Figure 1 – World 1000hPa temperature map showing at risk zones. The color gradient indicates 1000hPa temperatures in degrees Celsius. The tentative zone at risk for a significant community spread in the near-term includes land areas within the light green.
Overall internationally, most virus models suggest a slowing of the curve, which is definitely positive. Overall nationally, New York is seeing the biggest damage with currently 92,770 cases and 2,653 total deaths. New Jersey is next with 25,590 cases and 539 total deaths so far (as of April 3rd).
According to Robert Dietz, a Chief Economist for the National Association of Home Builders (NAHB), COVID-19 is hard to evaluate fully and is giving everyone uncertainty. Yet as a nation, we already know the economic and financial impacts are quite large. Markets hate uncertainty and we’re seeing it unfold in the stock market.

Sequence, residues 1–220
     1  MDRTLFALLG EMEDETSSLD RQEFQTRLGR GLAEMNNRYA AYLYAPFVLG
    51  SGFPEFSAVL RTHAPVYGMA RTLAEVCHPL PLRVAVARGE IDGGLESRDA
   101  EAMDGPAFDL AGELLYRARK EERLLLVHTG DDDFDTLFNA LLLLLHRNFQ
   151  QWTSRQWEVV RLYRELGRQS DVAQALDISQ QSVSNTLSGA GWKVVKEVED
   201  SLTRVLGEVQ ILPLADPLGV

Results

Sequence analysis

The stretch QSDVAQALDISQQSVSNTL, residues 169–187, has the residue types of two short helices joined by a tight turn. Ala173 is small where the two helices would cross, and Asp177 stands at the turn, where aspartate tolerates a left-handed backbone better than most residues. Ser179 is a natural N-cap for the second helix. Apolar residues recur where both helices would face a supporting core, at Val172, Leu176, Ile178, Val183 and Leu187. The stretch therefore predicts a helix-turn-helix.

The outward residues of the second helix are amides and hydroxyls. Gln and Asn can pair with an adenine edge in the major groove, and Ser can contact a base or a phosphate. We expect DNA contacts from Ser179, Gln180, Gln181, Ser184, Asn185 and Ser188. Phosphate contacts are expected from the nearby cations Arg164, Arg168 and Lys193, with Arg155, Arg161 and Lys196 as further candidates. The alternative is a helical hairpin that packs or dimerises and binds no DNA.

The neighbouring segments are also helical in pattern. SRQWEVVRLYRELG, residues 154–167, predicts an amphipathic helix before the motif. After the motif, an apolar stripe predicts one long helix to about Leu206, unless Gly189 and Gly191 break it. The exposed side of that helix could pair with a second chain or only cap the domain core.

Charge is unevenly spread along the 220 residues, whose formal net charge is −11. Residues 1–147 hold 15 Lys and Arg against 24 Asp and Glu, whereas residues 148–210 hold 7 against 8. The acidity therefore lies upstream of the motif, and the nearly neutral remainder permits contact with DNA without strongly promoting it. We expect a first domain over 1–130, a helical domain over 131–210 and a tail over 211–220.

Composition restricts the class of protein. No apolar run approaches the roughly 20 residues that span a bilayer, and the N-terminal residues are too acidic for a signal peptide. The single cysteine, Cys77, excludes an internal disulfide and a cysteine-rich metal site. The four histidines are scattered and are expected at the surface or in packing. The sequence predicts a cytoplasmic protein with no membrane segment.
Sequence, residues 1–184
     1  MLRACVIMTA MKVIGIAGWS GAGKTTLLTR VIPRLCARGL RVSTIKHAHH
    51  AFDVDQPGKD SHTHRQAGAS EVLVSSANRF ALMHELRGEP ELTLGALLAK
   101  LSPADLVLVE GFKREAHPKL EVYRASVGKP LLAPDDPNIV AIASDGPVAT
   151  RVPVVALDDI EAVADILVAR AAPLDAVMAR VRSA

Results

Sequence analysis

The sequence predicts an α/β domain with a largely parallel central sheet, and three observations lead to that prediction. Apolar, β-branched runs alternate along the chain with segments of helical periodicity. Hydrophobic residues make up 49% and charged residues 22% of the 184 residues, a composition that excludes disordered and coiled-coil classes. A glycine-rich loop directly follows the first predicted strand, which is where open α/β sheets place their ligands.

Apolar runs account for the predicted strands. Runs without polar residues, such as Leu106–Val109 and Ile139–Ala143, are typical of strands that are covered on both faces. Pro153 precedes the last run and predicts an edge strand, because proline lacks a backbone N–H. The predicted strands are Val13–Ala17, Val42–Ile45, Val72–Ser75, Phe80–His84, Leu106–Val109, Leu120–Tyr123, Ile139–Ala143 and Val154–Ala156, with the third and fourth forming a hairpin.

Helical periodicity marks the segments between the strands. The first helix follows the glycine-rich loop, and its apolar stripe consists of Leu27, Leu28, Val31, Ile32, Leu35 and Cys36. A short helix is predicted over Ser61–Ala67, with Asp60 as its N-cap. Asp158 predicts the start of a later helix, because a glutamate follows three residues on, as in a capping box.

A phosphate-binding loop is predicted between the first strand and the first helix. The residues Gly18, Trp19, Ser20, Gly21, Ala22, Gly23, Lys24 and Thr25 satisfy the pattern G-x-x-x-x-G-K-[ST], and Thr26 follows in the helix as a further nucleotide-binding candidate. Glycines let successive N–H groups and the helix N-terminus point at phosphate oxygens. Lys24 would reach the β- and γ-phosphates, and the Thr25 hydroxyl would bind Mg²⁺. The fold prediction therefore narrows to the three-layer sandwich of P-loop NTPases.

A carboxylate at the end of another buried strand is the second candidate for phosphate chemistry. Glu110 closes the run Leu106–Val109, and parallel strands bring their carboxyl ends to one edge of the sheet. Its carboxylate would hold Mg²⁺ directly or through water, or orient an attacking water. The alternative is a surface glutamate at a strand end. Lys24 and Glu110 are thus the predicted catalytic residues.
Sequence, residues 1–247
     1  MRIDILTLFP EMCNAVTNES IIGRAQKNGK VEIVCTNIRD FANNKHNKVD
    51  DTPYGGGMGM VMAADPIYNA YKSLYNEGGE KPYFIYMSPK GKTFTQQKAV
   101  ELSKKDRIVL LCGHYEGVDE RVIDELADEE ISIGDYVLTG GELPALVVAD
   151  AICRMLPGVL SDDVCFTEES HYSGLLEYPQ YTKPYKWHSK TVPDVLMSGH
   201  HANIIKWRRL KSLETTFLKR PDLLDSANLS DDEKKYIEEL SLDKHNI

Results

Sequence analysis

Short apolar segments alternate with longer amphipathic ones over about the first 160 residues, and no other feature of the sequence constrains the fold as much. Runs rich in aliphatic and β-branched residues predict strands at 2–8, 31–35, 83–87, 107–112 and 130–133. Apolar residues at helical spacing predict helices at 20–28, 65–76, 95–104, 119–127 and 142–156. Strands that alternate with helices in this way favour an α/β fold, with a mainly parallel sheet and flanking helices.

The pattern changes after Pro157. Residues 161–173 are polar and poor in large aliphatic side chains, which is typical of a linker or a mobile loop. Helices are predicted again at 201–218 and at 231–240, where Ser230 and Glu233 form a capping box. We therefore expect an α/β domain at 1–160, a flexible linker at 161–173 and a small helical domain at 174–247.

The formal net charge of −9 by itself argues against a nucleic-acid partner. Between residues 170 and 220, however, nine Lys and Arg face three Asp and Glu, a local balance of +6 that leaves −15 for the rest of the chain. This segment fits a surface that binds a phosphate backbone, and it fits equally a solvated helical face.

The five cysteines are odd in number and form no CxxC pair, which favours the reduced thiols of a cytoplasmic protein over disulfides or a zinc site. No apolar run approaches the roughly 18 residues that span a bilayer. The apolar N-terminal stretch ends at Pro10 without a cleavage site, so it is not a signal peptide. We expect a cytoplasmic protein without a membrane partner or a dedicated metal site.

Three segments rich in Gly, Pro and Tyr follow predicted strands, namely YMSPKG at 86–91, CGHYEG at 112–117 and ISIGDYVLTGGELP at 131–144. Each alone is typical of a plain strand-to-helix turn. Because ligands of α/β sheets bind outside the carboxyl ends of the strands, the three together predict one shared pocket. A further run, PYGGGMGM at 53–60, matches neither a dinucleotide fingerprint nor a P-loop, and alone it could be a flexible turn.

The impacts on home builders and developers are just now starting to show with 30% of builders seeing clear disruptions in their work progress. Macro data shows there will likely be a rough second quarter (a 10% decline, is projected), a weak third quarter and a high probability of a recession.
It’s suggested that there will be a rebound in the fourth quarter because this is not a financial shock and just a temporary pause in the economy. Dietz continued to share that the Fed funds rate is virtually zero and the 10-year treasury is sitting right at 1.2%. The Fed is doing everything it can to ensure the 10-year treasury doesn’t continue to rise.
COVID-19 has caused an eight-week pause for the economy which is damaging to the United States. Plus, consider that 30% of all building products come from China which with this lockdown, will cause lags in production time. There are high levels of fear in all regions across the country, but together we can and will get through this.